What is more important? Friendship, loyalty or love? Colleen Hoover and Griffin Peterson collaborate once again to bring fans of Maybe Someday back into the musical world of Ridge Lawson and Sydney Blake. And Maggie. And Warren and Bridgette.This full length novel is a follow-up to the New York Times bestselling novel, Maybe Someday. For the best reading experience, Maybe Now should be read after Maybe Someday and the spin-off novella, Maybe Not. However, Maybe Now can also be read immediately following Maybe Someday.

This was the sequel to “Maybe Someday.” It was written from more perspectives than the first book was, which was fun. I feel like a sequel wasn’t necessary, however, though incredibly cheesy, it was better than the short novella that went between the two. Except the ending, the ending was dumb and even more unnecessary than the rest of the book.

37. Who Speaks for the Damned by C.S. Harris (3/5★)

It's June 1814, and the royal families of Austria, Russia, and the German states have gathered in London at the Prince Regent's invitation to celebrate the defeat of Napoléon and the restoration of monarchical control throughout Europe. But the festive atmosphere is marred one warm summer evening by the brutal murder of a disgraced British nobleman long thought dead.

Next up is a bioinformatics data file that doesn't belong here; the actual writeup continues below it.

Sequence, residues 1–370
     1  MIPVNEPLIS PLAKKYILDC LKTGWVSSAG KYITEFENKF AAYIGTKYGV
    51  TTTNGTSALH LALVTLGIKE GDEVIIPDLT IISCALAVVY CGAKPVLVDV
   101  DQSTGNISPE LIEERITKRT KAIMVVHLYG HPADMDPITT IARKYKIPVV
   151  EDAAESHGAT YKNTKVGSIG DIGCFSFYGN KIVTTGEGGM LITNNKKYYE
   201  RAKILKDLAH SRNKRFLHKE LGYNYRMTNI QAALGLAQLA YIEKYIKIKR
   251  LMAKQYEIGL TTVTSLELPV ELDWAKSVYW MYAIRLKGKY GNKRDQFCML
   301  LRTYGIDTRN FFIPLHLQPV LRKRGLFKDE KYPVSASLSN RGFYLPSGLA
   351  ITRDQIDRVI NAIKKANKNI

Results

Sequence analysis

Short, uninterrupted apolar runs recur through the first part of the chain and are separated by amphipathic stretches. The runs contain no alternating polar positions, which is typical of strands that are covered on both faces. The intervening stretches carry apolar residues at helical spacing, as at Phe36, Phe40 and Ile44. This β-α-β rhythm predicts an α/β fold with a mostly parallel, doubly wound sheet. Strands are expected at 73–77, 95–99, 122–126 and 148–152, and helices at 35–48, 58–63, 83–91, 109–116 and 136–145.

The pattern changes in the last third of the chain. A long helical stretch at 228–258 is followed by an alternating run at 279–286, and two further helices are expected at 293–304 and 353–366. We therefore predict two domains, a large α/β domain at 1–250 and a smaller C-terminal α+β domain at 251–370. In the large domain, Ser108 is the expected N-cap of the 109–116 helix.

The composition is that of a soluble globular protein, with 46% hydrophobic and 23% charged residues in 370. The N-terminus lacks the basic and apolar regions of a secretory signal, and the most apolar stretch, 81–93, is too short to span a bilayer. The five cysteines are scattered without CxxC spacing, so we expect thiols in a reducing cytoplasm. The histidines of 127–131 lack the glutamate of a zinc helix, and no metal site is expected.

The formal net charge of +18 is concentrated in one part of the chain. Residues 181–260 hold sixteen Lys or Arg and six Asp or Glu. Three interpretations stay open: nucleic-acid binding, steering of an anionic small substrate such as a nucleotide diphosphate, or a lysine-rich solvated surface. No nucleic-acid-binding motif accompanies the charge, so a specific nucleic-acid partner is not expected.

Eighteen years before, Nicholas Hayes, the third son of the late Earl of Seaford, was accused of killing a beautiful young French émigré and transported to Botany Bay for life. Even before his conviction, Hayes had been disowned by his father, and few in London were surprised when they heard the ne'er-do-well had died in disgrace in New South Wales. But those reports were obviously wrong. Recently Hayes returned to London with a mysterious young boy in tow--a child who vanishes shortly after Nicholas's body is discovered.

Sebastian St. Cyr, Viscount Devlin, is drawn into the investigation by his valet, Jules Calhoun, an old friend of the dead man. With Calhoun's help, Sebastian begins to piece together the shattered life of the late Earl's ill-fated youngest son. Why did Nicholas risk his life and freedom by returning to England? And why did he bring the now-missing young boy with him? Several nervous Londoners had reason to fear that Nicholas Hayes had returned to kill them. One of them might have decided to kill him first.

I received an uncorrected ARC of this. One of my 101 in 2020 things to do was read all my ARC copies before their publishing dates. This was an ARC that I requested on accident, but it was good to step out of my comfort zone. Publishing date it April 7, 2020.